One wonders why Congress convened its budget-reforming “supercommittee” at all; House Speaker John Boehner (R) on Thursday announced that he’d done all its members’ work for them.
At a speech to the Economic Club of Washington, Boehner articulated a hard-right line on taxes that even the most moderate of Democrats could never accept. Remove loopholes from the tax code, he argued, but “not for the purpose of bringing more money into the government.” Tax increases? Not a chance — they “are off the table,” Boehner said, repeating the dubious argument that planning to raise revenue many years down the road would hurt job creation now. If you’re looking for deficit reduction, Boehner barked, “the joint committee only has one option — spending cuts and entitlement reform.”
A new Bloomberg poll on Thursday reconfirmed voter anger at Washington’s inability to compromise — on budgets, on jobs policy, on long-term deficits. On the same day, the speaker gave a lesson by example of why it’s been so hard.
True, Boehner’s speech followed news that President Obama is scaling back the entitlement reforms he would favor in a long-term budget reform package, retreating from concessions he was willing to make over the summer to strike a debt deal. Both sides, then, are hardening their positions. But Obama’s remains politically braver than Boehner’s, since the president says he still wants to achieve some balance between raising revenue and cutting spending through reforms to Medicare, the protection of which Democrats are desperate to use as a campaign issue.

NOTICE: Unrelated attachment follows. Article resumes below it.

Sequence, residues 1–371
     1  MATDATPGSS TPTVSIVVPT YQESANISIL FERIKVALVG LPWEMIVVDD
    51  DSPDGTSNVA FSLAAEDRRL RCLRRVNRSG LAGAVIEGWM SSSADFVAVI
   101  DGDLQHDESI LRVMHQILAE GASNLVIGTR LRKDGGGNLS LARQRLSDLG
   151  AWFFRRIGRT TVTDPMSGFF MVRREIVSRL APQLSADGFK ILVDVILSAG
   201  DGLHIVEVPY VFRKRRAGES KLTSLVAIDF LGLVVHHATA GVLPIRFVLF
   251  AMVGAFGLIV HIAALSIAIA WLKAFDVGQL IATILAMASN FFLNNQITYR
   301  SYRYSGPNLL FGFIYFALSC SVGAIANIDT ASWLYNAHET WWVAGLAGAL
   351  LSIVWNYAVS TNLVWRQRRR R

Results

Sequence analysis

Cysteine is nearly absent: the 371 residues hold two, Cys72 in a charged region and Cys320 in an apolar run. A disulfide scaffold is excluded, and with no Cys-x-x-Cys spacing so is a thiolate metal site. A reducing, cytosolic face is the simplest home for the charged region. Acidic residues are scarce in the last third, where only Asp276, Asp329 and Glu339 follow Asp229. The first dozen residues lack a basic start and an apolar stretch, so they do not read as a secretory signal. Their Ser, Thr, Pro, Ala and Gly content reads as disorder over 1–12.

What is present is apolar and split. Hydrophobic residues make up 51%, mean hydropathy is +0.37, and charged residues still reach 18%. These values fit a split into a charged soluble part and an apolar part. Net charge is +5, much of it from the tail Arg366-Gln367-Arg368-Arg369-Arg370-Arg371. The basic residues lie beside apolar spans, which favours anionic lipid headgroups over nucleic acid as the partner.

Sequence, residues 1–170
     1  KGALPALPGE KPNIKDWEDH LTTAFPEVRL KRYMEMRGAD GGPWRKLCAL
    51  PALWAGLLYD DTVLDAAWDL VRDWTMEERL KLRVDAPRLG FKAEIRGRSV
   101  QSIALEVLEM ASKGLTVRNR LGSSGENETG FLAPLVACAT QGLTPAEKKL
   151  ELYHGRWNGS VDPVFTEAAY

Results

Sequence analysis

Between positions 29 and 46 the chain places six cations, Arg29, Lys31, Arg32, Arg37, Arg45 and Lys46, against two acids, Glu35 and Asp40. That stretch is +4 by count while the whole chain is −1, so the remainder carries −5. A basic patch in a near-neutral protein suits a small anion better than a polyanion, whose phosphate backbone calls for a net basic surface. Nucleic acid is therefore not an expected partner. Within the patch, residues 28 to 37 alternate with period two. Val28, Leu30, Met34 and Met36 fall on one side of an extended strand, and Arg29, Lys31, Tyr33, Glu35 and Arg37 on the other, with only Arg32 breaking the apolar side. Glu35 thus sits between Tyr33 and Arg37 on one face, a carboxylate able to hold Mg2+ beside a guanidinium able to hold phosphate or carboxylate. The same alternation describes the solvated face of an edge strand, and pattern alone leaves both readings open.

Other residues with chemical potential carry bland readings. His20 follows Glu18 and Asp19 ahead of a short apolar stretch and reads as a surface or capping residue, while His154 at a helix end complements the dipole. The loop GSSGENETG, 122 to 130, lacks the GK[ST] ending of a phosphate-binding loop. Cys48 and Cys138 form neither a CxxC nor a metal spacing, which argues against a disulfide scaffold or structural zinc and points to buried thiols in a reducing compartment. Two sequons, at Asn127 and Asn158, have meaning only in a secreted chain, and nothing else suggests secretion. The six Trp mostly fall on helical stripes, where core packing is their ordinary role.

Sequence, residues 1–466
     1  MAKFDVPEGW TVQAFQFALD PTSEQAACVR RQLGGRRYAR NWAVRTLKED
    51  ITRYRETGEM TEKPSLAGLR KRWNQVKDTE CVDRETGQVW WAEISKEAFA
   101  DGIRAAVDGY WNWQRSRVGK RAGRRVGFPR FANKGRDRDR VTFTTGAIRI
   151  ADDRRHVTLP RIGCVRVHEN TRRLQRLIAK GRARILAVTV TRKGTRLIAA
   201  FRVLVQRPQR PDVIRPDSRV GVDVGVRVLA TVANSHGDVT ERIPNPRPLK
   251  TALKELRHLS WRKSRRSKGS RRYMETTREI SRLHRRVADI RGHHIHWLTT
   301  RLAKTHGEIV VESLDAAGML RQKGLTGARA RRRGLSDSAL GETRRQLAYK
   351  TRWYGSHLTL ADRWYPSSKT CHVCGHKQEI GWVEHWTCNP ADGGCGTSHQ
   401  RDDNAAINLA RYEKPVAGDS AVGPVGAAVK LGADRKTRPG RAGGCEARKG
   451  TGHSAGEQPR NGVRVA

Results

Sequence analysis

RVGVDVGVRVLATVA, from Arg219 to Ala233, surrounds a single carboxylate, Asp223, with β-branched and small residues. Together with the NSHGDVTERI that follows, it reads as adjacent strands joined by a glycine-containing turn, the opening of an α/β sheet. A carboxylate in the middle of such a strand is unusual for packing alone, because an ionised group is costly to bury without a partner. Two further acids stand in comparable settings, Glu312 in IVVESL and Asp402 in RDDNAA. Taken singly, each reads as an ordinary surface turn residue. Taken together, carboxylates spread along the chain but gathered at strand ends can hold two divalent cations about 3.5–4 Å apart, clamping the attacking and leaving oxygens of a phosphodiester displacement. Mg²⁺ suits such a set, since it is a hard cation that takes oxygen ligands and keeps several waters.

That is the key to deficit-cutting, drilled home in study after study: You can’t expect to fix America’s finances with tax increases alone or with spending cuts alone. Plans that lack this essential balance would fail either because their math doesn’t add up (the GOP’s Ryan plan) or because they would be reversed the second the other party took control of the government (the Congressional Progressive Caucus’s proposal…and the Ryan plan).
A deficit plan must also be balanced in another way — against premature budget austerity while the economy is sluggish, which Obama designed his latest jobs plan to avoid. Boehner said on Thursday there might be room for limited agreement with Obama. But not much, signalling disapproval of even the sorts of temporary tax cuts that would have been an obvious choice for Republicans for decades — until now.
Boehner might just be gearing up for further negotiations. But the speaker’s demonstration that he and his party are still in thrall to the ideological fantasies he described on Thursday aren’t going to enhance Americans’ confidence — in their leaders, or in their economic future.
By: Stephen Stromberg, The Washington Post, September 15, 2011